Brian Gilman: Yeah, I think the biggest tangible benefit from keeping spreads tight is that for smaller trades, an end user can route an order to market and receive a quick and fair execution without worrying about how he executes. Just send a market order and be okay. It also certainly helps on the sales side for ETF issuers, if your product has a tighter spread, I think it's an easier sale sometimes to an end user who might not be accustomed to secondary market dynamics. They're not used to even having to think about bid ask they're just saying in a mutual fund, I'm going to place my order and get NAV, and now I'm thinking about where's the bid and where's the offer. So a tighter bid spread certainly kind of helps to sell to that kind of end user.
At the same time, I do think that the kind of focus on the tightness of a bid ask spread can at times be a bit overrated, particularly when it comes to larger block size trades. When you go and you're now trading a larger block size, what's really going to be important is the true liquidity of that basket and the true liquidity of that product. And you might see a block go up inside a bid ask or on the best bid ask, but ultimately I think the importance of the bid ask spread is mostly confined to smaller trades and issuer sales efforts.
Bill Arnold: So how does a lead market maker ensure that there are as tight spreads as needed for the product?
Brian Gilman: Sure. I think when you start to think about that question, it's important to kind of know what goes into the bid ask spread, the market spread that you see on screens. How is a market maker kind of creating their best bid and ask? Well, it's going to start, I think, with the natural intrinsic bide ask of the underlying basket for that ETF. So if you're looking at a basket that holds 25 liquid US large cap names, the intrinsic bid ask spread of that basket is likely pretty tight and you're starting from a tight standpoint. If you're now looking at a biotech ETF that holds 50 wildly volatile and wider spread biotech names, that intrinsic or natural bid ask spread is going to be a bit wider, and that's always going to be the starting point for an ETF's bid ask spread.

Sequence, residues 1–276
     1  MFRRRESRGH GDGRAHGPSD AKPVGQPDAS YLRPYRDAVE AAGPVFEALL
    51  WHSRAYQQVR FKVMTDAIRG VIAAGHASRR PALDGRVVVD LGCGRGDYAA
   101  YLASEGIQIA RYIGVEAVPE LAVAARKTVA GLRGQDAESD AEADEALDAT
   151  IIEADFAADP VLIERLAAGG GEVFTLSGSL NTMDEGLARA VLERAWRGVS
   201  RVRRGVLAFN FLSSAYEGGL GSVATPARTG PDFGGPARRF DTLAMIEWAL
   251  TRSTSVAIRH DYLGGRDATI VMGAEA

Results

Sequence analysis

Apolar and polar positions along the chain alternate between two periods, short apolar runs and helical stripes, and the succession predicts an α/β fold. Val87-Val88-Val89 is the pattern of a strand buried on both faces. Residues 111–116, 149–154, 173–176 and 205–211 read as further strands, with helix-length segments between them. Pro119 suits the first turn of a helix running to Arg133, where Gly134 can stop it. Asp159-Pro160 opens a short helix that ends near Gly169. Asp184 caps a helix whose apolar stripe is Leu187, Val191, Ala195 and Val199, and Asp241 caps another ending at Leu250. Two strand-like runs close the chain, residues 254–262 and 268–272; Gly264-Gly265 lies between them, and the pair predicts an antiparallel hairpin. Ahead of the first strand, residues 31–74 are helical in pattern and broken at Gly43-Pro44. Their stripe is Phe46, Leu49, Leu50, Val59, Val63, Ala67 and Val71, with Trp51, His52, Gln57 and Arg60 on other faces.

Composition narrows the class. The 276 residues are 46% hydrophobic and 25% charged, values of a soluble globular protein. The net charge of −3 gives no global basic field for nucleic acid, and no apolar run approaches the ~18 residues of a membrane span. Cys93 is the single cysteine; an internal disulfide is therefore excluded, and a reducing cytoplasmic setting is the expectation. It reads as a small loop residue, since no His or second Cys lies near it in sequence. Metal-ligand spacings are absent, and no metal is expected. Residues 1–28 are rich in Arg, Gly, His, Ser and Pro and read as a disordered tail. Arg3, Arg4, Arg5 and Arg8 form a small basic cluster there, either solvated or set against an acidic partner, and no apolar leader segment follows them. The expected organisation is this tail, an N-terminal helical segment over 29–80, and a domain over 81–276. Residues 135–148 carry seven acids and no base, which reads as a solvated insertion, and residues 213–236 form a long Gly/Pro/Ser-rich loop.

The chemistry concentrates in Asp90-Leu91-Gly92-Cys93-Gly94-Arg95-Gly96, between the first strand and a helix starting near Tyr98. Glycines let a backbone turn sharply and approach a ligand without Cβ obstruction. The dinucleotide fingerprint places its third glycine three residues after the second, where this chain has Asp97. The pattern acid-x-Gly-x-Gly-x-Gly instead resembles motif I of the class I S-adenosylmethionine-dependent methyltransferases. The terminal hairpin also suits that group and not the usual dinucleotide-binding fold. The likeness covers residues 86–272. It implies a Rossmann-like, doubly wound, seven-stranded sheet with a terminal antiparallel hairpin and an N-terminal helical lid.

Then on top of that, you're going to layer things like what is the liquidity look like of that basket? So the bid and the ask represent the best bid and the best ask of that underlying basket, but now where can you actually go out and source liquidity of that basket? So you might have to add a little more cushion to account for that lesser liquidity of the basket. And also volatility, the more volatile the basket the more kind of bid ask cushion you might see. And then on top of that, you have trading cost and create redeem cost, fixed fees. So things like that will also be factored into how much more spread you need to put on top of that intrinsic or natural spread.
And then lastly, there's inventory costs, which is one that I think a lot of people glaze over, but it's probably the most important cost to a lead market maker. So as a lead market maker, especially in early days, when we're making that actionable two-way market in a product that is not trading that often, we're likely to be the main market participant. So that when someone buys a product, we're likely selling it. When someone sells a product, we're likely buying it. We might get short and create, and we're sitting on long inventory. At the end of the day, as a lead market maker in newer products, we're generally sitting on a good bit of inventory in that product.
Now, the longer it takes to get out of that inventory, the larger financing costs we take on as a firm and we have had to kind of account for that in our bid ask spread. So you may see another layer of bid ask on top of that intrinsic spread for that inventory cost.
Bill Arnold: We've talked from the perspective of the new issuer, ETF issuer come to market or their clients. I'd love to hear your thoughts on what's the benefit of a trading firm like yours to be a lead market maker?
Brian Gilman: I think in terms of tangible benefits, certainly as a lead market maker we do receive some rebates from exchanges, rebate benefits, as well as the opportunity as the best bid and ask throughout the trading session to realize some material gains through spread crossing. To try to capture some piece of that bid ask spread through the trading activity. Now, I would say that at the end of the day lead market making is not a super profitable business. I think that the real benefits to being a lead market maker are the less tangible ones, and that's supporting the ETF ecosystem. So as new products come to market, you really need a lead market maker to incubate that product, to get it off the ground, to let it succeed until it can develop and mature and then continue to provide liquidity support particularly in volatile markets.